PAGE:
Shiboski CH, Patton LL, Webster-Cyriaque JY, Greenspan D, Traboulsi RS, Ghannoum M, et al.
The Oral HIV/AIDS Research Alliance: Updated case definitions of oral disease endpoints. J Oral Pathol Med 2009;38:481-8.
Bravo IM, Correnti M, Escalona L, Perrone M, Brito A, Tovar V, et al.
Prevalence of oral lesions in HIV patients related to CD4 cell count and viral load in a Venezuelan population. Med Oral Patol Oral Cir Bucal 2006;11:E33-9.
WHO. WHO Case Definitions of HIV for surveillance and revised clinical staging and immunological classification of HIV-related disease in adults and children. World Health Organization; 2007. Available from: http://www.who.int/hiv/pub/guidelines/HIVstaging150307.pdf
. [Last accessed on 2013 Aug 03].
Speight PM. Update on oral epithelial dysplasia and progression to cancer. Head Neck Pathol 2007;1:61-6.
Hegde MN, Hegde ND, Malhotra A. Prevalence of oral lesions in HIV infected adult population of Mangalore, Karnataka, India. Biodiscovery 2012;4:3.
Noce CW, Ferreira SM, Silva Júnior A, Dias EP. Association between socioeconomic status and HIV-associated oral lesions in Rio de Janeiro from 1997 to 2004. Braz Oral Res 2009;23:149-54.
Rath H, Raj SC. Assessment of oral health status and Treatment needs of HIV/AIDS patients visiting Government Hospitals and Rehabilitation centers in Banglore city. Indian J Sex Transm Dis 2013;34:59-60.
Greenspan D, Canchola AJ, MacPhail LA, Cheikh B, Greenspan JS. Effect of highly active antiretroviral therapy on frequency of oral warts. Lancet 2001;357:1411-2.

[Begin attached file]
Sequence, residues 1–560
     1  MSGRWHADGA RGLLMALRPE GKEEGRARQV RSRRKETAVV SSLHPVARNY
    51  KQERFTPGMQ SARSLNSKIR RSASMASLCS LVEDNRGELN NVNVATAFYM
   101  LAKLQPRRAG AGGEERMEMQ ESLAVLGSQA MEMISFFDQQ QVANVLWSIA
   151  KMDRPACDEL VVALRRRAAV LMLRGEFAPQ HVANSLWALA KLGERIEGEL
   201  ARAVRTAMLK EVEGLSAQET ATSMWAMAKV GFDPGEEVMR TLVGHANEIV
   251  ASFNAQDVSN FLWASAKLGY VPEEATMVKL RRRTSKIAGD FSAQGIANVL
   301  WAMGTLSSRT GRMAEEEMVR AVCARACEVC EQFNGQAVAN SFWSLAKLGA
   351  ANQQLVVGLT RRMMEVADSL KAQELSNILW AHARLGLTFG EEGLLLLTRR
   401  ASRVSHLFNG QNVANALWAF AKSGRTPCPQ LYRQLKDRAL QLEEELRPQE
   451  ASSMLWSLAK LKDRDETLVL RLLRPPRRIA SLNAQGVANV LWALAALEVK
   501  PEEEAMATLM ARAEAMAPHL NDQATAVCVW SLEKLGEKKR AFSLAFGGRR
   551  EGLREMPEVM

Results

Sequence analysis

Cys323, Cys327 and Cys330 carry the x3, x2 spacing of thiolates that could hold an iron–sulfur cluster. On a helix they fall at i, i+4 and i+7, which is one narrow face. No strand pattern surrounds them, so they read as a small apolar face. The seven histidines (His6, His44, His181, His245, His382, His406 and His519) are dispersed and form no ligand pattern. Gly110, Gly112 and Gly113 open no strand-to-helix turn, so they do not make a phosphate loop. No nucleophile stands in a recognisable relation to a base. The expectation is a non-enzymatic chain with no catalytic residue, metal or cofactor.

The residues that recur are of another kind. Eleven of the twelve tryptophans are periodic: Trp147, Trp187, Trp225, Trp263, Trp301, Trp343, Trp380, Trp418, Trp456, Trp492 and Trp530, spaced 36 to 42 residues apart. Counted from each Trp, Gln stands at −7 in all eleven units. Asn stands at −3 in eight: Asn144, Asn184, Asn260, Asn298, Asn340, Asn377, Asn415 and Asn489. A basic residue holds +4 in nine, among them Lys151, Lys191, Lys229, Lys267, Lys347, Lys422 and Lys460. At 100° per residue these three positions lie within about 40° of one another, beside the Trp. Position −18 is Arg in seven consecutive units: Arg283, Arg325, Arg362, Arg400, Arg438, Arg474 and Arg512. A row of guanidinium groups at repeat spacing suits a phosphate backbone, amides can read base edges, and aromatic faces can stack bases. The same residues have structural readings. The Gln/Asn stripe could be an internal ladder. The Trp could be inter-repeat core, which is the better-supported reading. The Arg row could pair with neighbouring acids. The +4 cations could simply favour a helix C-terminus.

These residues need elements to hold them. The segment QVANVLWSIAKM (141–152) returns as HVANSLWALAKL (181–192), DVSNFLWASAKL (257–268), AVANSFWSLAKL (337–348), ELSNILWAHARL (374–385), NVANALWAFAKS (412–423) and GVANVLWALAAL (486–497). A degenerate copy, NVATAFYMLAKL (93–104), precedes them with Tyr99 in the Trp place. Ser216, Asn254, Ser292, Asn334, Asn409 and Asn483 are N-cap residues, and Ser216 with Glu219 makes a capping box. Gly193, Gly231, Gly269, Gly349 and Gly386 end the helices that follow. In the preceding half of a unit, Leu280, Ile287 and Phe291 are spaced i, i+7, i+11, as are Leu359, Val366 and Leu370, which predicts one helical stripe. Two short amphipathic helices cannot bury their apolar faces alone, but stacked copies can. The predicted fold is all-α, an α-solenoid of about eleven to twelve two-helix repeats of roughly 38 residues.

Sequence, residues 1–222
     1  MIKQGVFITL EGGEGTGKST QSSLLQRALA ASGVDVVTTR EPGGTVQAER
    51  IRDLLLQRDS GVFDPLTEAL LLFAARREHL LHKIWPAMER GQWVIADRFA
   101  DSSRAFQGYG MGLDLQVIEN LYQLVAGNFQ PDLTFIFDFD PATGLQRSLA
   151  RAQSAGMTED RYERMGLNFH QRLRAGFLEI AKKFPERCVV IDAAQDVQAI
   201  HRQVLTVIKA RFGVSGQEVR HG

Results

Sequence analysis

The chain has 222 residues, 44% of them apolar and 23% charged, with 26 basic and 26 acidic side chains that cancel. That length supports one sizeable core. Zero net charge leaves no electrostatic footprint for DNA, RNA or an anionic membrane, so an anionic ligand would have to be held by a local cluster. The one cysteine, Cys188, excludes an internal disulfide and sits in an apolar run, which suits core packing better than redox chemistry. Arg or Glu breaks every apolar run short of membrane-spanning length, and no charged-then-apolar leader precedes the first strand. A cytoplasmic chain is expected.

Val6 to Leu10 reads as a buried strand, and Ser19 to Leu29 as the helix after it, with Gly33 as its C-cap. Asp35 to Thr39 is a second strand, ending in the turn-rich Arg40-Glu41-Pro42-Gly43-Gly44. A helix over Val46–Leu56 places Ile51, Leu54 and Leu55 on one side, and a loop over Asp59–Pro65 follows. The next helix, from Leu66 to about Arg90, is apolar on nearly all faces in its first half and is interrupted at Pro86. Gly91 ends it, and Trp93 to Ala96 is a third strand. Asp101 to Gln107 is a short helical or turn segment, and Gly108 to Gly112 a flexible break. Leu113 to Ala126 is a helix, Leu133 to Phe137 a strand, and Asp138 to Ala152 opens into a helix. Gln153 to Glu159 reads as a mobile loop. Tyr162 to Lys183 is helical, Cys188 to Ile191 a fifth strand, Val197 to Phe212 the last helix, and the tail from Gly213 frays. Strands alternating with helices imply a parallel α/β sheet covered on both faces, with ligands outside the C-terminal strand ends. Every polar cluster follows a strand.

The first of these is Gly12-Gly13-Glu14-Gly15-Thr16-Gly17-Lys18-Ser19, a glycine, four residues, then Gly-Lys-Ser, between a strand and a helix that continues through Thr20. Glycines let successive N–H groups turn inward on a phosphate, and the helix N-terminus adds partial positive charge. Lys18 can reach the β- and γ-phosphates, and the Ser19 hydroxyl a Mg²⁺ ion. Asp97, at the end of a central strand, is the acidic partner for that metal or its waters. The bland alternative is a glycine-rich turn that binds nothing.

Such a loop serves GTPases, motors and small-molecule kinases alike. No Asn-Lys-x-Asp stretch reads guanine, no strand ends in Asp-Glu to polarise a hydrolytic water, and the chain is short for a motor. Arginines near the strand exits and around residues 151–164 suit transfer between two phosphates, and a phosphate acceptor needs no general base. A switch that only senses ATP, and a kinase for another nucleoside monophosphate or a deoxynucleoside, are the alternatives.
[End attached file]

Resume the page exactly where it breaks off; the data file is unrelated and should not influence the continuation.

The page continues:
Koneru A, Hallikeri K, Naikmasur VG. Comparative study of oral micronucleated cell frequency in oral submucous fibrosis patients and healthy. J Clin Exp Dent 2011;3:201-6.
Shimura M, Tanaka Y, Nakamura S, Minemoto Y, Yamashita K, Hatake K, et al
. Micronuclei formation and aneuploidy induced by Vpr, an accessory gene of human immunodeficiency virus type 1. FASEB J 1999;13:621-37.
Casartelli G, Bonatti S, De Ferrari M, Scala M, Mereu P, Margarino G, et al.
Micronucleus frequencies in exfoliated buccal cells in normal mucosa, precancerous lesions and squamous cell carcinoma. Anal Quant Cytol Histol 2000;22:486-92.
Highleyman L. Inflammation, immune activation, and HIV. BETA 2010;22:12-26.
Shiels MS, Cole SR, Kirk GD, Poole C. A meta-analysis of the incidence of non-AIDS cancers in HIV-infected individuals. J Acquir Immune Defic Syndr 2009;52:611-22.
Pineda CE, Welton ML. Management of anal squamous intraepithelial lesions. Clin Colon Rectal Surg 2009;22:94-101.
Sontakke SA, Umarji HR, Karjodkar F. Comparison of oral manifestations with CD4 count in HIV-infected patients. Indian J Dent Res 2011;22:732.
Gaurav S, Keerthilatha PM, Archna N. Prevalence of oral manifestations and their association with CD4/CD8 ratio and HIV viral load in South India. Int J Dent 2011;2011:964278.
[Table 1], [Table 2], [Table 3]